It seems this odd winter season is taking a toll on my family's immune health. This back and forth between temperatures has us in a constant state of viral infection and phlegm. Recently I posted a recipe using astragalus, one of the best immune-boosting herbs available. But astragalus is a long-term solution, a more preventative measure than acute fix. Taken over time it can really improve your body's ability to fight infection.
That being said, we needed something now. Humidifier has been running around the clock and yet the scratch in the back of our throats was signalling us to do something and quick.
So I made this tea.
And drank a lot of it.
By a lot I mean eight cups a day.
Herbs are so useful but are a bit misunderstood. Drinking a small cup with about one teaspoon of tea, equivalent to a standard tea bag, will not stand up to the infection knocking at the door to your body. So many people try herbs and tell me, "it didn't work!" and turn to over-the-counter or prescription drugs for quick fix.
Please understand, herbs take time. Drugs may work on the front-end but eventually your body will pay the price of reduced immunity, depleted healthy gut bacteria, and a longer recovery time. Herbs, although they take a little longer to kick in, will over time aid your body in standing up to the viral or bacterial infection before it enters your body - like a shield.
Back to this tea. This tea is full of herbs that reduce phelgm in the body [which means they are drying, more about this later] and provide your body with the vitamins and minerals it needs to maintain health. Because this herbal mix is drying it's important to drink a lot of water, add a little honey to the tea, lubricate your skin and inner nostrils with pure, unrefined sesame or coconut oil, and keep the humidifier going.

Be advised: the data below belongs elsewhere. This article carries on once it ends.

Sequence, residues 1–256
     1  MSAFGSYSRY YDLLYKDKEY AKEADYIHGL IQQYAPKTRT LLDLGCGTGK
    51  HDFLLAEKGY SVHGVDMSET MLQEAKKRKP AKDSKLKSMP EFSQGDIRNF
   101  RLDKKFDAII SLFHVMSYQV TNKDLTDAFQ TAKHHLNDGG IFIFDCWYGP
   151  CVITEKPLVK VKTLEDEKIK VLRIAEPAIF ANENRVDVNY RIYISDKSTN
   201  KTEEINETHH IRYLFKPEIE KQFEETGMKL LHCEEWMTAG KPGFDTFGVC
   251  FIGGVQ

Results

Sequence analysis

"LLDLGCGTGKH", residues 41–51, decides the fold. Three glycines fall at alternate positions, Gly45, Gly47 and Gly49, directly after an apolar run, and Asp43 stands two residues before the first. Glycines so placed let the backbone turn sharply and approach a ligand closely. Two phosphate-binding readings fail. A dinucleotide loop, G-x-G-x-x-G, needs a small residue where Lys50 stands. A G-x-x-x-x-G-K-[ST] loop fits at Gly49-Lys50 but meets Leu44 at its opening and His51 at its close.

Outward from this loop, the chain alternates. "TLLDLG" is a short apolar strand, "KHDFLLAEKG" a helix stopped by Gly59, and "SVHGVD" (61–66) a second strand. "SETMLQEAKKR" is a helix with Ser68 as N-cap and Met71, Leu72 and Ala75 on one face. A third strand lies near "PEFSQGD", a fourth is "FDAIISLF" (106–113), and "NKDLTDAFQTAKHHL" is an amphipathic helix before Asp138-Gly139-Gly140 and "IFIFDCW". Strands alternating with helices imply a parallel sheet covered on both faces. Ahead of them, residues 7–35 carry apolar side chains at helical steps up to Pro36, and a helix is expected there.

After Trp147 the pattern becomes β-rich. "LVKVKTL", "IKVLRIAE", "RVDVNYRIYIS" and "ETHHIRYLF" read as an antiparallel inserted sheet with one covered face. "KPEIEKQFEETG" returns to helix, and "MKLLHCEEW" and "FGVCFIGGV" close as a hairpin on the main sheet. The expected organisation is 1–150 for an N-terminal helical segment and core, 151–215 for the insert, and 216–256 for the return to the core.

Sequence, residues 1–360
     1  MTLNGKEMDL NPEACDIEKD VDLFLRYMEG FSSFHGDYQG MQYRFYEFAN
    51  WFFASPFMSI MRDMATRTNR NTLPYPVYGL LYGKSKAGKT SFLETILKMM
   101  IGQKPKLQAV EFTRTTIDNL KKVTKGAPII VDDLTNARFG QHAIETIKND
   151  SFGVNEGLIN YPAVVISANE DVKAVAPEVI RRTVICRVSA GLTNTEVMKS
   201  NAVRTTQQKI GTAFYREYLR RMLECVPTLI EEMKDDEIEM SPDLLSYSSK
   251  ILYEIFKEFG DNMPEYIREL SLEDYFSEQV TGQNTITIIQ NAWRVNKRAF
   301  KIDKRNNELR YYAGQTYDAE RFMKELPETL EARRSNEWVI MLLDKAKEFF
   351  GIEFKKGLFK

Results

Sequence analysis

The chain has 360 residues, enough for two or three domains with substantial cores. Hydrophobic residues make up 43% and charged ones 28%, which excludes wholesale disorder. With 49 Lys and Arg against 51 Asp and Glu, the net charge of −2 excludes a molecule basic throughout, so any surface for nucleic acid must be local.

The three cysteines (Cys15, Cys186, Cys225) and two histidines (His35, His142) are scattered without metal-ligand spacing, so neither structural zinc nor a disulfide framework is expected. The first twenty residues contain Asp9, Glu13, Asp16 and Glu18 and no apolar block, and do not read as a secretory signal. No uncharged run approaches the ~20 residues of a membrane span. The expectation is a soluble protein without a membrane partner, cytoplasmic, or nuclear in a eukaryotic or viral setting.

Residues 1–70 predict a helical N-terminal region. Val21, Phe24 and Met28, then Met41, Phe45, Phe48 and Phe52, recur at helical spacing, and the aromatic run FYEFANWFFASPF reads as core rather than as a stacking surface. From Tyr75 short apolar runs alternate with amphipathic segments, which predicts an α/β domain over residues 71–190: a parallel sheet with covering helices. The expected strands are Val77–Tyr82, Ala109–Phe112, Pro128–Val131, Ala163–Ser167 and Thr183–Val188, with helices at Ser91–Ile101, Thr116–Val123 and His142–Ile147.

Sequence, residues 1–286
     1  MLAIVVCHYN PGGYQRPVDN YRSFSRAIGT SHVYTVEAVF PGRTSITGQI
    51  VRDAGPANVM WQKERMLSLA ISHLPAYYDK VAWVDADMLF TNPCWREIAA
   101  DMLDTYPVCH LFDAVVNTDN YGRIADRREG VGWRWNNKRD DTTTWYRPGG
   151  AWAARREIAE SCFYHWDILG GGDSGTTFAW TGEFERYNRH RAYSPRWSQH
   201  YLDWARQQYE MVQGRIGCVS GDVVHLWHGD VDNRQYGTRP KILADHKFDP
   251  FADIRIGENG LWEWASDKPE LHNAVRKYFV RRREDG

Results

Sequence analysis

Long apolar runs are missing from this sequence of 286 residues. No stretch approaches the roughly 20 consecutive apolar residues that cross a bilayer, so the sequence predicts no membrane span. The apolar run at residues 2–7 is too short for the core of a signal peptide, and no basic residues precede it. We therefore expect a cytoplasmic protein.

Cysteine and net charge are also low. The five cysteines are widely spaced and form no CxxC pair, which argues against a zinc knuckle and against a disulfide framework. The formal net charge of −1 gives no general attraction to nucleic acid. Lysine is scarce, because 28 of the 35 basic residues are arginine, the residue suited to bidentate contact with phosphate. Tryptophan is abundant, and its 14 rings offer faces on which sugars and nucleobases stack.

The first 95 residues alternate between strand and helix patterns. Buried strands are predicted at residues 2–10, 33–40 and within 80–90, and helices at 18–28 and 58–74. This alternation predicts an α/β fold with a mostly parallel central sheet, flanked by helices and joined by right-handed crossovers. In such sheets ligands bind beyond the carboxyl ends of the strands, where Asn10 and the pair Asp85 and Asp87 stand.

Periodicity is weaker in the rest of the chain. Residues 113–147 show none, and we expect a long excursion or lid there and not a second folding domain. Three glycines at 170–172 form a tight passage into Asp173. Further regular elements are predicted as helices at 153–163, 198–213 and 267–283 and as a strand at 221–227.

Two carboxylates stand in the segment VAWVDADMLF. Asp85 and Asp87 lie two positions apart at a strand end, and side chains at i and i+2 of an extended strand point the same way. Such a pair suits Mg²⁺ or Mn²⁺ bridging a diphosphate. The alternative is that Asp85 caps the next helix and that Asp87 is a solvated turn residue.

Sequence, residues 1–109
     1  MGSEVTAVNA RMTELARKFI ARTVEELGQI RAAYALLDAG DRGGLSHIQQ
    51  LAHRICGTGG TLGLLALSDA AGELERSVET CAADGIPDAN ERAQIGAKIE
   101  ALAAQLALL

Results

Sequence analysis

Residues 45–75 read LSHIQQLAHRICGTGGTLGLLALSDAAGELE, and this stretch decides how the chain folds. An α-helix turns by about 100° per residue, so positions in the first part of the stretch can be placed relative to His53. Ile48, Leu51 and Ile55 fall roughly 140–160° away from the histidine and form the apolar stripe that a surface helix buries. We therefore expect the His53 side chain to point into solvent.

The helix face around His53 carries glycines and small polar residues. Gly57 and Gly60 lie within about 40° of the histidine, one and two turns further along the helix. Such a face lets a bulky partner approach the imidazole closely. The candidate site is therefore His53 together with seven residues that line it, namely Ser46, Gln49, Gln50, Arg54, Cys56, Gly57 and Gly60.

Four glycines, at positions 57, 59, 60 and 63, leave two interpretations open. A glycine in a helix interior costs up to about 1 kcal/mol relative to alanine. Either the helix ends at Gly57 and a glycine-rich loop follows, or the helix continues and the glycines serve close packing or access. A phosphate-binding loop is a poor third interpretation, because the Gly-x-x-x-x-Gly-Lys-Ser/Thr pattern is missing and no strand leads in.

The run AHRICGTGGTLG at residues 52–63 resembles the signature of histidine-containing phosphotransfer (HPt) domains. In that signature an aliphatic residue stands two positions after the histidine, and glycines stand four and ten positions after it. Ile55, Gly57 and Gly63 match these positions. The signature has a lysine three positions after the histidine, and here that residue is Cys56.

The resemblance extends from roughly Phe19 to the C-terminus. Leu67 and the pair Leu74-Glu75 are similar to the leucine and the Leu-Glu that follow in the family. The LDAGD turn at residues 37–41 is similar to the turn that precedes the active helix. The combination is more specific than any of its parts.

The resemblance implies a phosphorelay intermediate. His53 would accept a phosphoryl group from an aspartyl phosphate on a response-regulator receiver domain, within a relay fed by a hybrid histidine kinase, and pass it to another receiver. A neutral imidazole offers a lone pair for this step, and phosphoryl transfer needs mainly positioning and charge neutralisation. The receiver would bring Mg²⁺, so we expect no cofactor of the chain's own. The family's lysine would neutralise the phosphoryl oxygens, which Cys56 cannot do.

In addition, zinc, vitamin D3, vitamin C, and specific mushrooms; steamed vegetables and broth-based soups; a diet with less phlegm inducing foods like meat, dairy, and sugar; restful sleep and moments of quiet throughout the day; laughter and creativity; and community all help give the body the best chance at standing up to illness. A note about supplements: not all are created equal and there is a lot of snake oil out there. It's best to talk with someone about rigorously tested supplements rather than running to the store and picking up a bottle that seems to look okay.
May a sense of deep health and well-being settle over you this winter season.
Adapted from Rosemary Gladstar's Herbal Recipes for Vibrant Health
Note: all the herbs listed here are used in whole, dried form not powder. Please take the time to look into the herbs and make sure they are appropriate for you. Mountain Rose Herbs is a great resource to check specific herbs for any known contraindications.
1/2 c. fennel seed
1/2 c. rosehips
1/2 c. nettle leaf
1/2 c. peppermint leaf
1/4 c. lemongrass
1/4 c. cut ginger
1/8 c. calendula flower
1/8 c. mullein
1/8 c. red clover flowers
Combine all herbs in a large glass bowl and mix well. Fill large size press n' brew tea bags with about 2 - 3 tablespoons of herb mix. Seal shut with iron. You can also you large mine-mesh tea strainer, reusable cotton tea bag, or cheesecloth to hold herbs.
Place one large tea bag in a quart size mason jar or large teapot. Fill with boiling water and let steep until water is room temperature, still warm but not hot. Drink throughout day. In times of acute infection, drink two quart-size jars [eight cups] a day.
Serve with a couple slices of organic lemon and a teaspoon or two of raw honey.